Rob (Benjamin Ratner) and Melanie (Angela Vint) are a couple that think they’ve found the key to solving all relationship problems – simply break up after 19 months. By then, all the romance, lust, and excitement of a relationship has worn off and both people involved are ready to test the dating waters. So, they agree to do just that, only they’ll remain friends with benefits until they each find someone else. To prove that their theory is correct, Rob and Melanie even allow a film crew to follow them around and ma…e a documentary about their last few weeks together. While Melanie instantly finds another man, Rob either A) tries to get Melanie back (including a hilarious scene where he steals all of Amy’s paintings) or B) tries to score with less attractive women.
19 Months does score, and the result is a surprisingly funny and endearing look into the life of the common couple. Although the documentary style of the film ultimately wears thin, and the movie would have perhaps been better off being straight forward, some good moments arise out of what is expected to be a bland low-budget romantic comedy. All the actors involved are more than competent, especially Ratner’s neurotic Rob and Vint’s mature and charming Melanie. In an age where the romantic comedy usually relies heavily on slapstick, the film-makers actually create well-rounded characters and supply them with good lines.
It amazes me that with budgets soaring into the millions, and actors far more heralded than the unknowns in 19 Months, Hollywood has lost sight of the romantic comedy and simply recycles the same junk over and over again. 19 Months may not be the movie to change Hollywood’s approach to making rom-coms, but they could take some pointers from movies like this one.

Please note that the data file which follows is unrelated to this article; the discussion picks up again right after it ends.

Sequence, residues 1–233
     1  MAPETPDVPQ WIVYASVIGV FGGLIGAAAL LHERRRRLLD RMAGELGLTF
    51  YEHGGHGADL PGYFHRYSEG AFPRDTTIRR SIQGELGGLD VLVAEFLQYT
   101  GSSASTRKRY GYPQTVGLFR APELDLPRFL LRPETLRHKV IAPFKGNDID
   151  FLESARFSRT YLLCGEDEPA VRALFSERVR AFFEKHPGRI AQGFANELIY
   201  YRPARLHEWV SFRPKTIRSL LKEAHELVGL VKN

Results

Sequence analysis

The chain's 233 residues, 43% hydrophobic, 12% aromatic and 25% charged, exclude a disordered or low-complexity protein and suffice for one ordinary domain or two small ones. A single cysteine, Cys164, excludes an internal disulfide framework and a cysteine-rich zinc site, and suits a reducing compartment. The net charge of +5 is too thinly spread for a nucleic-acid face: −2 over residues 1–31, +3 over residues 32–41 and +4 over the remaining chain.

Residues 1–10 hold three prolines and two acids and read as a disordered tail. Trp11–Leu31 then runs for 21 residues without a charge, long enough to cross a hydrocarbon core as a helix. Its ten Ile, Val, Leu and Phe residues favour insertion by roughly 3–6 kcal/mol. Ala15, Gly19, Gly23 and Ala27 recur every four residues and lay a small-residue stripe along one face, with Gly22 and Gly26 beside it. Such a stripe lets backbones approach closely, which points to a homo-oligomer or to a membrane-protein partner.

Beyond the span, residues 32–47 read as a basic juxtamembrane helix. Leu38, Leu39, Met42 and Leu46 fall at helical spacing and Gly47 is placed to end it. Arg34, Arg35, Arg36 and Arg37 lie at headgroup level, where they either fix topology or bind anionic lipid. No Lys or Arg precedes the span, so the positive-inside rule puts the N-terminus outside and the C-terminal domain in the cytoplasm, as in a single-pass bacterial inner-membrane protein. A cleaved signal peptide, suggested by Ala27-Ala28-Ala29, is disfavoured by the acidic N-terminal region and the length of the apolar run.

While 19 Months drags on occasionally, even at a 80 minute running time, it’s a familiar and funny look into modern couples and dating. Nothing you can’t get out of a repeat of Friends, but fun nonetheless.
Although a Dolby Digital 5.1 track is included on the disc, it’s nothing a 2.0 or even mono track couldn’t handle. The movie is strictly dialogue driven. The sound is totally clear and crisp, free of hissing or any crackling. Any trouble hearing dialogue is from the faux-documentary format in which the film was shot.
Shot on high-definition video, the 1.85:1 anamorphic widescreen picture for 19 Months is a sight to behold. There is no grain, no blurry images, or any other distortions common with big budget productions shot on film. Amateur film-makers behold, if you can shoot on hi-def, please do – it’ll make your movie that much more appealing. 19 Months is probably one of the best looking discs I’ve ever seen, and it was a low-budget movie from Canada… imagine that!
There are no extras to speak of.
With no extras and a complete lack of oomph in the audio department, 19 Months is still worth a look. While it won’t reach the cult status of Swingers anytime soon, the charm and heart of Swingers is present in 19 Months. Plus it looks damn good.